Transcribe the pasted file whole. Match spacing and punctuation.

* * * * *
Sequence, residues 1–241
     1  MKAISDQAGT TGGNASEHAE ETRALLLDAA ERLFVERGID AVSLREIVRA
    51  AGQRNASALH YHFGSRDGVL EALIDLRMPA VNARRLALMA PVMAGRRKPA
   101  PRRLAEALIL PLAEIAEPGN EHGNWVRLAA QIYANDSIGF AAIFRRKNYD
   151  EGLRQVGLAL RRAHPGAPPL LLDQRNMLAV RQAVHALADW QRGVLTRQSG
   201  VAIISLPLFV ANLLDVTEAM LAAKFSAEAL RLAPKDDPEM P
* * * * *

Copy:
Sequence, residues 1–241
     1  MKAISDQAGT TGGNASEHAE ETRALLLDAA ERLFVERGID AVSLREIVRA
    51  AGQRNASALH YHFGSRDGVL EALIDLRMPA VNARRLALMA PVMAGRRKPA
   101  PRRLAEALIL PLAEIAEPGN EHGNWVRLAA QIYANDSIGF AAIFRRKNYD
   151  EGLRQVGLAL RRAHPGAPPL LLDQRNMLAV RQAVHALADW QRGVLTRQSG
   201  VAIISLPLFV ANLLDVTEAM LAAKFSAEAL RLAPKDDPEM P